Mary Kay Place Articles

November 23, 1997


The Atlanta Journal/The Atlanta Constitution


Mary Kay Place Ends Her Voluntary Exile


By Luaine Lee

Scripps Howard News Service


Rutherford, Calif.


It’s happened again. A beautiful actress shows up with mousy hair, deep wrinkles on her face, no makeup and clothes that would look bad on Claudia Schiffer. Voila! A star is born.


It’s not that we haven’t seen Mary Kay Place for a long time. It’s not that she hasn’t turned in terrific performances. Movies such as The Big Chill and Citizen Ruth and TV shows such as “My So-Called Life” and “Mary Hartman, Mary Hartman” prove that Place can emote with the best of them. What’s more, she could swing from comedy to drama without a court order.


But as the harassed mother of a dying boy in John Grisham’s The Rainmaker, now in theaters, Place has joined the high rollers.


She harbors no expectations about that, she says. “You’re hoping people will appreciate the work, and it’ll inspire them to think of another interesting way you could do [something] in a movie,” she says.


Though the Tulsa, Okla., native has worked in film and television for 21 years, she wasn’t always “juiced up.”


In fact, after her role as a career woman searching for a man to father her child in The Big Chill, all the juice was gone.


“I did go into a burnout phase for about 10 years when I was just fried,” she says. “And it wasn’t exciting then. I needed all that time to really restore and build up.”


Since she had known – from elementary school – that she wanted to be in show business, she had never let up. First, she worked in production, then became a secretary for Norman Lear (“All in the Family”) and worked her way into writing scripts for “The Mary Tyler Moore Show” and “M*A*S*H.”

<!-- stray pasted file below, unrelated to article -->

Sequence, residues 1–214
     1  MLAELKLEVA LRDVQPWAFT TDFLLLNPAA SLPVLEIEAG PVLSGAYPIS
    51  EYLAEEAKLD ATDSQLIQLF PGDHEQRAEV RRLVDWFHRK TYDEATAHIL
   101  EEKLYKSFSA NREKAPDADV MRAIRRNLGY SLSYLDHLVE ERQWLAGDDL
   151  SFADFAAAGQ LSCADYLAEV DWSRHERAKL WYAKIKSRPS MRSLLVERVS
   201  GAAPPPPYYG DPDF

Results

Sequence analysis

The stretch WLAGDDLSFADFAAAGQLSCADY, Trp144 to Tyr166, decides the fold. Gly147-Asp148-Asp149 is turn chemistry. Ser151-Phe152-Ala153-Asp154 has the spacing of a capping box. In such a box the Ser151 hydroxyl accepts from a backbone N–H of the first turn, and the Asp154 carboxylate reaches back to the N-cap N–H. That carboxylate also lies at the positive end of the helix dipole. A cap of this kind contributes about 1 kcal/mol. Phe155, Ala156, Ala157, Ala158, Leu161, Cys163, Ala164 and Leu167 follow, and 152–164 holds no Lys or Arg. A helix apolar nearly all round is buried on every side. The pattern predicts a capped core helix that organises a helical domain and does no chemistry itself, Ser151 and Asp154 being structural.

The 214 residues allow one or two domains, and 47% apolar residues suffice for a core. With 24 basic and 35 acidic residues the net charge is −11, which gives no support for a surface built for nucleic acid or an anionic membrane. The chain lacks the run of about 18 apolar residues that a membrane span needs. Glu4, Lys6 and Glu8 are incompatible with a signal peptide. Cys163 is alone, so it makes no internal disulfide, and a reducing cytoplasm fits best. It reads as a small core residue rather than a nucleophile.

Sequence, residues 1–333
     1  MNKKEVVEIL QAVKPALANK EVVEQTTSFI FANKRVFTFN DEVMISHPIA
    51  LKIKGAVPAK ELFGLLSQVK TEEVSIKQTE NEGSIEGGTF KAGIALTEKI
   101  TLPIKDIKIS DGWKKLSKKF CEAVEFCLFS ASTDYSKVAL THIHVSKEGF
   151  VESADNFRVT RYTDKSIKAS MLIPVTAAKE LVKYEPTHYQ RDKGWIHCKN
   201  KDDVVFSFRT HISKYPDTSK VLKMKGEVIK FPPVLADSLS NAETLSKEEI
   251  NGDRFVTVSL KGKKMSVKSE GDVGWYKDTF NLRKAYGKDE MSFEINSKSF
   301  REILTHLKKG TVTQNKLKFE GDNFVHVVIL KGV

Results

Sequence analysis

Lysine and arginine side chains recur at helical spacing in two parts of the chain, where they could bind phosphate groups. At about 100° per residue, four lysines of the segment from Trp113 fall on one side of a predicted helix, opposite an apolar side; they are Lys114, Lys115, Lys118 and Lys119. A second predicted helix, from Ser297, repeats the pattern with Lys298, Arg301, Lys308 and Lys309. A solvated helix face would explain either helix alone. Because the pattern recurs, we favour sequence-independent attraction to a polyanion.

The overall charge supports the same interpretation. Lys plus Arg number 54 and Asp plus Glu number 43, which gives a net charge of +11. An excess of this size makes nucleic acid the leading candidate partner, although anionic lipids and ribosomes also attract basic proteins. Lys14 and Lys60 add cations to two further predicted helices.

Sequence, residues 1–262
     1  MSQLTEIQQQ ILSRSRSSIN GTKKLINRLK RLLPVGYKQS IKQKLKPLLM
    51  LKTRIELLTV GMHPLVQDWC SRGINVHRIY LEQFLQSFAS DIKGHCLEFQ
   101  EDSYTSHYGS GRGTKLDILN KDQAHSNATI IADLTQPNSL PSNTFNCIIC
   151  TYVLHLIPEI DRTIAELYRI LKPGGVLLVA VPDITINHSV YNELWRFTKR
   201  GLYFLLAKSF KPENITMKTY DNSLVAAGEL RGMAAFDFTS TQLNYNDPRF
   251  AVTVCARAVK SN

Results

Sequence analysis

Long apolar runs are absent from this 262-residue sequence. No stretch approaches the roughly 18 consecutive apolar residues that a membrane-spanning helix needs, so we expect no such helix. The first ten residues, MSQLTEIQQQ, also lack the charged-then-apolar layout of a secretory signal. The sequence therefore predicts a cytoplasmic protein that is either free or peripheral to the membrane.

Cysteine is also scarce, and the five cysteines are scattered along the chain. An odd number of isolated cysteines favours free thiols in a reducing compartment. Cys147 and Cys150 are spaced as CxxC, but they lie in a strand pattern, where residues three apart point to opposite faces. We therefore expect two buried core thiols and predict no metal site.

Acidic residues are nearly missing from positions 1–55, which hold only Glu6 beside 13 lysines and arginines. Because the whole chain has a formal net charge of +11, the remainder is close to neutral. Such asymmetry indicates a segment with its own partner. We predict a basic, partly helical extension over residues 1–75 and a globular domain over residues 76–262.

In “Mary Hartman,” she played the indefatigable baby-doll Loretta with naïve country music dreams. Later, she directed for “Friends,” “Dream On” and “Baby Boom.”


In the early ‘80’s, Place literally worked herself into a panic. “It happened because I had no clue about working and resting, working and resting, letting the well refill. I was young and stupid. I did everything that was offered.


“There were times I said, “I don’t know if I’m supposed to be doing this or if I have the strength to endure this kind of lifestyle because it is so irrational in certain ways.”


While she co-starred in Smooth Talk, Private Benjamin, and Starting Over, she was also searching for some method in all this madness. She doesn’t ascribe to any religion, she says. She attends a Unitarian church in New York and a Presbyterian church in Los Angeles. “I explore many flavors. I’m interested in Buddhism, but basically I’m Christian,” she says. “I like the idea of forgiveness and think that’s a radical thought.”


Place, 50, says she had no problem looking frumpy for The Rainmaker. I didn’t think twice about it. It was a done deal because, of course, she couldn’t look good. She had to look horrible, had to look worn to a nub. There was nothing about her that had any business looking good. But that was never an issue.”


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